Polluted with PFOA

Daikin claimed PFOA emission levels are confidential, Osaka Prefecture dropped issue(10)

2022.02.10 17:06 Nanami Nakagawa

Signboard for the Aigawa River near Daikin Industries' Yodogawa Plant

From 2006 to 2008, Daikin Industries Chairman Noriyuki Inoue served as head of a supporters’ group for then Osaka Governor Fusae Ota. Daikin itself contributed to the supporters’ group by buying tickets for political fundraising parties. During this period, the Osaka prefectural government already knew the world’s highest recorded level of toxic chemical PFOA had been detected in one of the city’s rivers — and that the pollution had been caused by Daikin.

Given the ties between the governor and Daikin’s chairman, had the prefectural government adequately urged the company to take PFOA pollution countermeasures? At both a prefectural assembly session at the time and, more recently, in response to questions from Tansa, Ota was confident the issue had been addressed.

However, Tansa obtained evidence through a freedom of information request that undercut the former governor’s assurances: records of the prefecture’s hearings with Daikin. In them, the prefecture is hesitant to confront the polluter.

Daikin: “No basis for EPA standard”

The first hearing with Daikin, attended by four officials from Osaka Prefecture’s business guidance section and environmental protection section, began at 10 a.m. on June 22, 2007. The company had brought six employees, including a full-time director from the head office, a chemical division section head, and a division manager from the Yodogawa Plant.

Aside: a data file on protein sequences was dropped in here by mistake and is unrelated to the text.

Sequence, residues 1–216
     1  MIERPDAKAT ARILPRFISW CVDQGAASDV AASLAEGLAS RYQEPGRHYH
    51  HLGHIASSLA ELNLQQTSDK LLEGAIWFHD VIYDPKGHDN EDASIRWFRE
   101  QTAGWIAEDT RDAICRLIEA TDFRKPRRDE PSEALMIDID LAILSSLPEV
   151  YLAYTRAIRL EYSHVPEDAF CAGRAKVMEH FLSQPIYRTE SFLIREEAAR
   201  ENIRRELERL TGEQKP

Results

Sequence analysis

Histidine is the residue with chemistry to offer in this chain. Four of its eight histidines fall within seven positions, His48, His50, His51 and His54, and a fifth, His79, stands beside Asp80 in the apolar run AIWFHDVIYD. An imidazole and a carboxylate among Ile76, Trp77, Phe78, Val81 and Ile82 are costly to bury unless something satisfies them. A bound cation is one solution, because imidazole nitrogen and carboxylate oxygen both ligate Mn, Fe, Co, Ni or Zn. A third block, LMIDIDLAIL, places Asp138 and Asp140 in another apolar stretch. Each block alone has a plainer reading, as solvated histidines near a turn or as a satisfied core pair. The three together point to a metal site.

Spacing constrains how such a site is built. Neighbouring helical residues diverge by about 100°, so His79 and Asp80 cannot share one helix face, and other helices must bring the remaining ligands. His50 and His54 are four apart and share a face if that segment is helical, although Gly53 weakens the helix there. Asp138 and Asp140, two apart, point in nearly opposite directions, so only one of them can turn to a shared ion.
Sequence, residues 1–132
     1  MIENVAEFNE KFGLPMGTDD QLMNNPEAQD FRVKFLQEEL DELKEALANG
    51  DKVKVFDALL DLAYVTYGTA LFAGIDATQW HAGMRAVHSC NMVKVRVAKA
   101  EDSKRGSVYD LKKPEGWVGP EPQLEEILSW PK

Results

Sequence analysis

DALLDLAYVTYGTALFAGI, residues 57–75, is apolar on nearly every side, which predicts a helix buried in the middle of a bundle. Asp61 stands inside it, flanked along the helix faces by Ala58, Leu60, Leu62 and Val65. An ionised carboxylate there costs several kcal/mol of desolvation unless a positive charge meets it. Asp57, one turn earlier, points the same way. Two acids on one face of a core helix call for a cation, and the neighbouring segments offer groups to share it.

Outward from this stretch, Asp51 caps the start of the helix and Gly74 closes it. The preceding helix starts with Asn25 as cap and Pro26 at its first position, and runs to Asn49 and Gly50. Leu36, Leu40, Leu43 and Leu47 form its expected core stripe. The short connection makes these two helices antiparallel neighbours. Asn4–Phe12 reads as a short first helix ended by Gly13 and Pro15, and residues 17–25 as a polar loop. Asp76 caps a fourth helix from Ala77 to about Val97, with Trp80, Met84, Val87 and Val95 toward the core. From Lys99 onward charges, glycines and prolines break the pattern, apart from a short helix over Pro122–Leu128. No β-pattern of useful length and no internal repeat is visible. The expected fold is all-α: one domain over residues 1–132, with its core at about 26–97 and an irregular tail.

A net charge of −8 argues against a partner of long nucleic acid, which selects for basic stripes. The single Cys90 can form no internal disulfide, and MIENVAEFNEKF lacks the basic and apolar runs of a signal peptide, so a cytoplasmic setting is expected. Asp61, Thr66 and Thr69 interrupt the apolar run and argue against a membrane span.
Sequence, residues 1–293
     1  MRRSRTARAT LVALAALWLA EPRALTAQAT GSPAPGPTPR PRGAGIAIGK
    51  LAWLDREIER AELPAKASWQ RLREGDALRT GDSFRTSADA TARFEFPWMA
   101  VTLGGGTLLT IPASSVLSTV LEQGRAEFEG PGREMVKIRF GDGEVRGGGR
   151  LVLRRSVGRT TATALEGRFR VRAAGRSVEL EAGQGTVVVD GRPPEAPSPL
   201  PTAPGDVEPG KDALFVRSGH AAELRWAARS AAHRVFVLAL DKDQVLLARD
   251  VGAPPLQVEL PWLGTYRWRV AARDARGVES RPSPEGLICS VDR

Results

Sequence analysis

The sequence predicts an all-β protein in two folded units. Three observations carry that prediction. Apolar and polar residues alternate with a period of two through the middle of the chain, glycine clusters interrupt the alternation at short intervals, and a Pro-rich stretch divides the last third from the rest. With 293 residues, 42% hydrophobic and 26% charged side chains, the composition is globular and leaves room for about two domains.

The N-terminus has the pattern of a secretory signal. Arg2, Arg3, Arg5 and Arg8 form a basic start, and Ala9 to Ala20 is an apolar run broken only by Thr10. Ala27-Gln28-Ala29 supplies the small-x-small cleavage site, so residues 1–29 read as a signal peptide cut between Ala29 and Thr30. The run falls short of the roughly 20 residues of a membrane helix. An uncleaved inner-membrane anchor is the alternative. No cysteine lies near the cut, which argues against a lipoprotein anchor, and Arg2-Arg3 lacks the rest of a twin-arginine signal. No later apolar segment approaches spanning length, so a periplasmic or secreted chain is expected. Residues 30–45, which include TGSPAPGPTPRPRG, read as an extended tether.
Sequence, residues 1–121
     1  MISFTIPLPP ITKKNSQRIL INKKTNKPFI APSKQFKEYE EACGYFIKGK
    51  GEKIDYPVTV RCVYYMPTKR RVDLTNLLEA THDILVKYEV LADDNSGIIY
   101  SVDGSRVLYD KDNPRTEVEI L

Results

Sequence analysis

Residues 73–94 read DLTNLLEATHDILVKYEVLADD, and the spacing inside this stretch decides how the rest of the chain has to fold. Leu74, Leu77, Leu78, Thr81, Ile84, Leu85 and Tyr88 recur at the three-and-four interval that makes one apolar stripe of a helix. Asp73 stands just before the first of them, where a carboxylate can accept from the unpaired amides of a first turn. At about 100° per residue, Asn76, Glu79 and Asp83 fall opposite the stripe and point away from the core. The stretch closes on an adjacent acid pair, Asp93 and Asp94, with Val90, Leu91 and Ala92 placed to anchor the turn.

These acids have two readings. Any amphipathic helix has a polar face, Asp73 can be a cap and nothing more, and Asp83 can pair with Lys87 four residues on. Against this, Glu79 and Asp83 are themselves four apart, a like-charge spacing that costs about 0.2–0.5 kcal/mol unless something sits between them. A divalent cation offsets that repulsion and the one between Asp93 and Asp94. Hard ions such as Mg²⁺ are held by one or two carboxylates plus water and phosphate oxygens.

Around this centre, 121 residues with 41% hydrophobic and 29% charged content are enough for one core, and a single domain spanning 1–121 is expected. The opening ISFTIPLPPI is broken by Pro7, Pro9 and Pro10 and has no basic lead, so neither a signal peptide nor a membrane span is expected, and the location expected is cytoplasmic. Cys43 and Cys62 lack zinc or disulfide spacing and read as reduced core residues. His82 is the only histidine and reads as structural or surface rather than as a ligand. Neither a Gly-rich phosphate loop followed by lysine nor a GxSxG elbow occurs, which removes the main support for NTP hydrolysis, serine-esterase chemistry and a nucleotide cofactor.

There were both domestic and international reasons why the prefecture had to confront Daikin.

First, domestic: In 2004, following a survey of rivers across Japan, a research team led by Kyoto University Professor Akio Koizumi had found that the Aigawa River, a tributary of the Yodogawa River near Daikin’s Yodogawa Plant, contained the world’s highest recorded concentration of PFOA. The team had also measured PFOA levels in the blood of residents in 10 locations across the country, finding the highest levels in residents of Osaka City. The concentration of PFOA in the city’s tap water was 300 times higher than in Sendai City; since Osaka City’s tap water is mainly collected from the Yodogawa River, the team hypothesized tap water was causing residents’ high PFOA levels.

As for the international reasons, in January 2006 the U.S. Environmental Protection Agency (EPA) had proposed that eight of the world’s largest PFOA manufacturers, including Daikin, should end PFOA production by 2015. By March of the same year, all eight companies had agreed to the EPA’s plan. By that time, PFOA manufacturers in the U.S. had already begun feeling the pressure. For example, following a lawsuit, in 2004 DuPont agreed to a $70 million settlement for residents impacted by PFOA pollution and $10 million for water purification measures.

In its hearing with the Osaka prefectural government, Daikin explained the EPA’s PFOA reduction program and wastewater treatment for manufacturing processes that use significant amounts of the chemical.

Many of the prefecture’s questions were relatively elementary, such as “What companies produce fluoropolymers in Japan?” They seemed unprepared to conduct the hearing.

The prefecture also asked about the EPA’s safety standard for PFOA in drinking water. According to findings by Koizumi’s research team, tap water in Osaka City was nearing the EPA’s standard, and the prefectural government knew it.

“Is the EPA’s standard based on some sort of risk assessment?” the prefecture asked.

“There is no basis as such,” Daikin replied. “It’s probably because the previous standards were too loose.”

Although Daikin had agreed to the EPA’s plan to end its PFOA production, in its conversation with the prefecture, the company seemed not to take the EPA’s drinking water safety standard seriously. The prefecture didn’t comment on Daikin’s stance nor ask any follow-up questions.